Radicalisation in paradise: Tackling the growing threat in Mauritius
At a recent anti-LGBT demonstration, the well-known protest leader openly wore an Islamic State headband.
One might not expect the island of Mauritius – best known for its sandy beaches, political stability and vibrant multiculturalism – to be vulnerable to Islamist radicalisation. But recent events suggest the threat could greater than many think.
The LGBT rights group Collectif Arc-en-Ciel (CAEC) was scheduled to hold a Gay Pride march on 2 June. This event has taken place annually since 2006, but in the run up to this year’s edition, CAEC’s leader received hundreds of death threats. On the day itself, scores of anti-LGBT protesters gathered to hold an unauthorised counter-march. The Mauritian police deemed they would be unable to guarantee the safety of the Gay Pride participants and cancelled the event.
The police also arrested some of the anti-LGBT protesters. Among them, they discovered regalia related to the so-called Islamic State (IS) group. The protest leader, Javed Meetoo, openly wore a headband displaying the militants’ logo.
This was not the first time Meetoo had courted controversy. A radical preacher and leader of the religious organisation Abu Faaris, he is a controversial figure in Mauritius. He did his studies in Pakistan before teaching students under the direction of the Taliban in Afghanistan. In 2015, he was arrested together with his family on the Turkey-Syria border, purportedly on his way to Mecca.
Meetoo has been at the centre of several investigations related to previous incidents in Mauritius, including the firing of gunshots at the French embassy in 2016. Monitored by both Interpol and local authorities, he is suspected of radicalising youths to join IS and of facilitating their routes to Syria.
There have been various reports of Mauritians making this journey in the past few years. Several media reports have suggested that Reaz Lauthan, a radical preacher and Meetoo’s brother-in-law, died fighting for IS in 2013. In 2014, several more Mauritians travelled to Syria to join the militants. And a year later, IS released a propaganda video of another young Mauritian, Al Shuaib Al Afriqi, speaking in both French and Mauritian Creole, urging his compatriots to join the cause. Al Afriqi, whose real name is Yogen Sundrun, converted to Islam from Hinduism a decade before.
Elsewhere in paradise
Mauritius has yet not experienced a terror attack, but its government should be highly concerned at the possibility. An attack could cripple the tourism industry, which is a mainstay of the economy, and undermine the nation’s image. In 2017, Mauritius attracted 1.3 million tourists, marginally surpassing the island’s population.
It is questionable as to whether Mauritius currently has the capacity to respond to a terror attack. The island has a paramilitary group known as the Special Mobile Force (SMF), which forms part of the police force, but no military. Thus far, the SMF’s duties have included search and rescue operations, bomb disposal, route clearance after cyclones, combating marijuana and illicit distillation, and acting as ceremonial guards of honour.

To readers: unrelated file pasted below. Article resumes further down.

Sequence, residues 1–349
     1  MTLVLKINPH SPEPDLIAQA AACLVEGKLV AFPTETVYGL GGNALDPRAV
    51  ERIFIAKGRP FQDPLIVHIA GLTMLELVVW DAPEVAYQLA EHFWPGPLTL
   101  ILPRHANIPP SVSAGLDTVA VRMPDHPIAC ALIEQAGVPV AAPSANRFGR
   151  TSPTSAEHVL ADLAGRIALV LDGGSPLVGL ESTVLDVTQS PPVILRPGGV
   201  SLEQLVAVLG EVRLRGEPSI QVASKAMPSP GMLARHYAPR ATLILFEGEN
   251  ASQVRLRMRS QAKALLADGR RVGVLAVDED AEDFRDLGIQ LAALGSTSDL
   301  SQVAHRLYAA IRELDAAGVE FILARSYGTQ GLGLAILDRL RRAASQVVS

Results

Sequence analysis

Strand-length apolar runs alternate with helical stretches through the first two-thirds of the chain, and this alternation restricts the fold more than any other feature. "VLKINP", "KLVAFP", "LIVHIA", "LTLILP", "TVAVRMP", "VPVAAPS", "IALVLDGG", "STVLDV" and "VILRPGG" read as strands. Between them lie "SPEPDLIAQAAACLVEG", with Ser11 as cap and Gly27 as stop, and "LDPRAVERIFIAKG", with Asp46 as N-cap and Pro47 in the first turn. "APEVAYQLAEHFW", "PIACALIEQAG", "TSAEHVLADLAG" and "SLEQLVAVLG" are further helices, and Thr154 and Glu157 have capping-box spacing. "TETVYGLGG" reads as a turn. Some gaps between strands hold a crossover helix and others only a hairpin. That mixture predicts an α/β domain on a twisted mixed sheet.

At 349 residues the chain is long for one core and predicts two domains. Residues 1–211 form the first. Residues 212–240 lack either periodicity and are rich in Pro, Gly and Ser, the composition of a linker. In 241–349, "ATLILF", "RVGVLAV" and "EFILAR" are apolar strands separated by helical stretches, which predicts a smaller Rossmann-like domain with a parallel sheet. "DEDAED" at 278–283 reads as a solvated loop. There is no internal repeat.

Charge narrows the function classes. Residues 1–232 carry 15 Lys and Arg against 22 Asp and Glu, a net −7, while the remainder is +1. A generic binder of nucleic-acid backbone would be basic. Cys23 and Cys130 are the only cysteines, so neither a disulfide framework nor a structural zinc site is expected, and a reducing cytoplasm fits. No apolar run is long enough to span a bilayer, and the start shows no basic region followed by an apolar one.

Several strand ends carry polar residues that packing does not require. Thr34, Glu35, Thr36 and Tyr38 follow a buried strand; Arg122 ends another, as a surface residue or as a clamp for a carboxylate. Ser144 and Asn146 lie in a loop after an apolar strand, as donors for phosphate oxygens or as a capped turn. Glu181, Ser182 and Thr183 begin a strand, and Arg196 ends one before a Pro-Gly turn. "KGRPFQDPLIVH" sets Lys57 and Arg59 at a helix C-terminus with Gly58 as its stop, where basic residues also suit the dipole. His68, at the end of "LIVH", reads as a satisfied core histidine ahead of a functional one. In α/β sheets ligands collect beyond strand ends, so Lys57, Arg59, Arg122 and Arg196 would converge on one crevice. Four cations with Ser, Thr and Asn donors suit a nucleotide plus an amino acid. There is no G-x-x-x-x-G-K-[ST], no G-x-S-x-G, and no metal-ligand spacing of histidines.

Addressing terror, however, is not just a question of being reactive after the fact. It is also about recognising and proactively addressing the dynamics that typically contribute to radicalisation in the first place.
On this front, the Mauritian government will be aware that young and restless populations are often the primary targets for radicalisation. The country has one of the best performing economies in Africa and a low unemployment rate of just 7.3% in 2016. But youth unemployment has become a growing challenge.
Extremists also tend to target those with existing grievances. And despite the utopian picture often painted of its thriving multiculturalism, Mauritius contains underlying tensions and feelings of alienation among certain segments of society. Despite being the second largest ethnic group on the island, for example, the Creole population is the country’s poorest and most likely to suffer from unemployment. Feelings of marginalisation also follow some religious lines. Hindus make up half the population, for instance, but dominate politics and the civil service. This has led some Muslims, who account for about 15% of the population, to feel a sense of injustice at their relative lack of opportunities to participate in government.
Taking radicalisation seriously
The Mauritian government needs to be reminded that its power resides in the people who elected it to office. It is when those citizens feel alienated that they take their power elsewhere.
To combat this challenge then, it must come together with the private sector to develop strategies to address youth unemployment. It should evaluate its policies around education, the judiciary, healthcare and more to determine how its actions could be contributing to the perceived injustice felt by some of the population. And it ought to assess its readiness in terms of security.
The tragic experiences of Côte d’Ivoire and Burkina Faso over the past few years show the consequences of overlooking a growing threat of radicalisation. Mauritius will have to take the issue seriously if it is to maintain its positive reputation as a tourist paradise, a place to do business, and a haven of stability.